POSEN – It’s not really about potatoes.
A longstanding tradition that swells a small town for a few rowdy days each year, the Posen Potato Festival connects residents to their old country roots and brings visitors from far and wide for an annual taste of Polish community and camaraderie. .
The 71st annual festival wrapped up Sunday in the normally quiet County town of Près Isle.
“When you come here, it’s like being part of the family,” Kash Kieliszewski shouted, surrounded by high-volume rejoicing and high spirits as she sat with longtime friends in the Polka Pavillion. Sunday afternoon.
After days of carnival rides, hearty meals, 5K Spud Runs and potato stalls, the festival spilled onto Posen’s main thoroughfare on Sunday for a jolly parade, a spirited announcer at a booth of review describing the guests of honor and passing creative floats.
Several floats honored the festival’s namesake root vegetable, with huge humorous potatoes made of unknown substances – or, in one case, humans in costume – earning smiles from the crowd.
The girls on the sidewalks spread their light guns in their best princess waves to a flood of Potato Festival royalty.
Bands played, riders smiled and children dove for candy, the street for a brief moment transformed into a community gathering spot.
Afterwards, the crowd returned to the main festival grounds, splitting into small groups that meandered among the craft stalls and made their way to the carnival games.
Children threw their arms on rides and ate cotton candy with sticky fingers.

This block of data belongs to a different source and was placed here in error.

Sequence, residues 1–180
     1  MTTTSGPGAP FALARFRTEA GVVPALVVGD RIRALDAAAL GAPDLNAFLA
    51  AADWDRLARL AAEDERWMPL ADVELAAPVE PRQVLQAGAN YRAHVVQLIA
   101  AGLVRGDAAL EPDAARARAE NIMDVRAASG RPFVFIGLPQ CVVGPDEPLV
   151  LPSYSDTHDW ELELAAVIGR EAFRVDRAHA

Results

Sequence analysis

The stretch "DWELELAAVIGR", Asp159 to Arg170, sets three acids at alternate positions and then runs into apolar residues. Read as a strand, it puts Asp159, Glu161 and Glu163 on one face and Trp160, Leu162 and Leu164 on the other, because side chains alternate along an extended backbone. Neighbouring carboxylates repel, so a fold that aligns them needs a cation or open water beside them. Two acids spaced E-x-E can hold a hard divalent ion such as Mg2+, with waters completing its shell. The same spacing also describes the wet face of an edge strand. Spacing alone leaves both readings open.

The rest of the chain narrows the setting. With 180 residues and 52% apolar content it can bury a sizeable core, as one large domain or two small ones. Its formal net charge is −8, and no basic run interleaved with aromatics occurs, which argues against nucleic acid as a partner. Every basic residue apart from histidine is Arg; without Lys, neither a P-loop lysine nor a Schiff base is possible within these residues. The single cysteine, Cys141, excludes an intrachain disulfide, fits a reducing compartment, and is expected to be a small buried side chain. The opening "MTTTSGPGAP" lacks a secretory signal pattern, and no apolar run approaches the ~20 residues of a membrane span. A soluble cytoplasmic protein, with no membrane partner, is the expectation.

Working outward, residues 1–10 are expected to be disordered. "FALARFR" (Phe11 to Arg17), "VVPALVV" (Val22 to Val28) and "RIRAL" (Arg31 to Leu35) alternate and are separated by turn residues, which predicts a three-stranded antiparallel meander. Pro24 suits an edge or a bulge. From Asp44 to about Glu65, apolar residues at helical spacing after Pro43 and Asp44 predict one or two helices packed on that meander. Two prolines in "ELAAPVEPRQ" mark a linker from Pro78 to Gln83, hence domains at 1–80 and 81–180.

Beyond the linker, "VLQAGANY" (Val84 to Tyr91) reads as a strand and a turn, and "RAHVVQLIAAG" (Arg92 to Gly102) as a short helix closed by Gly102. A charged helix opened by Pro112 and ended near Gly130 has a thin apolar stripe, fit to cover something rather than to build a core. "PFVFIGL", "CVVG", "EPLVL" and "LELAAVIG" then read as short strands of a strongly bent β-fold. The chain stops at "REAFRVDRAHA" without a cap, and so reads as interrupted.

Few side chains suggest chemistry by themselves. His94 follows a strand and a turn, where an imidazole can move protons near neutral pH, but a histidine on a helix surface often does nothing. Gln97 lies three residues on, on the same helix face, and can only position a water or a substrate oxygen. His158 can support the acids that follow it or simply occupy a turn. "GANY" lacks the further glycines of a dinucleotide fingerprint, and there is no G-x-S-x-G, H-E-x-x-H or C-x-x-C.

In the distance, during the bump and run demo derby, cars with tough track records proved they still had the fire of the competition as they raced around a track, engines humming.
Priests in ankle-length black robes carried sacks of rolled up sausages, and people everywhere sported red t-shirts emblazoned with the eagle, Poland’s national emblem.
In the center of the peaceful bustle, music was wafting from a tall white building.
Inside, rows of picnic tables — their seats filled with cheerful people finishing kielbasa or sipping beer — flanked a wooden dance floor.
Musicians on a stage to one side of the dance floor filled the open building with the one-two-three sounds of a cheerful polka song.
Ahead of them were couples whirling and kicking and galloping and laughing, breathless and dizzy and not caring at all whether they were doing it right.
Couples married for half a century, parents and children, old women and young men, friends and strangers jumped, twirled and danced with joyful abandon.
With “Who Stole the Kishka” playing in the background, Kieliszewski and his friends Elle Rygwelski, Pat Hentkowski and Doris Kowalski tried to figure out how old they were when the festival started.
They don’t speak much Polish — although Kieliszewski makes a mean paczki — but, between themselves, they at least knew the Polish words for “How are you” and “beer,” they said.
For locals, the Potato Festival is the “last hurrah” of summer, Hentkowski said.
Brighton’s Ilene and Victor Wieczorek travel to Posen every year and will continue to come for their chance to spin around the dance floor, said Ilene Wieczorek.
Posen resident Brian Talaske, sharing his thoughts with his feet rather than words, invited a stranger to join him for a welcome lap around the dance floor, ending with a spin and a flourish.
While waiting for a song to start, Gus Zielinski said he sometimes attends more than 40 polka festivals a year.
The Posen festival stands out among the rest, he said.
Zielinski and his 61-year-old wife, Gerry, want to teach their grandchildren about their Polish heritage. The warmth and cross-generational spirit, everyone belongs here from the Posen Potato Festival’s polka pavilion helps it keep and share this heritage, he said.
“We are blessed,” Gus Zielinski said. “I can’t tell you how many ways. Our love for music and polka dancing, we are blessed.
Julie Riddle can be reached at 989-358-5693, email@example.com or on Twitter @jriddleX.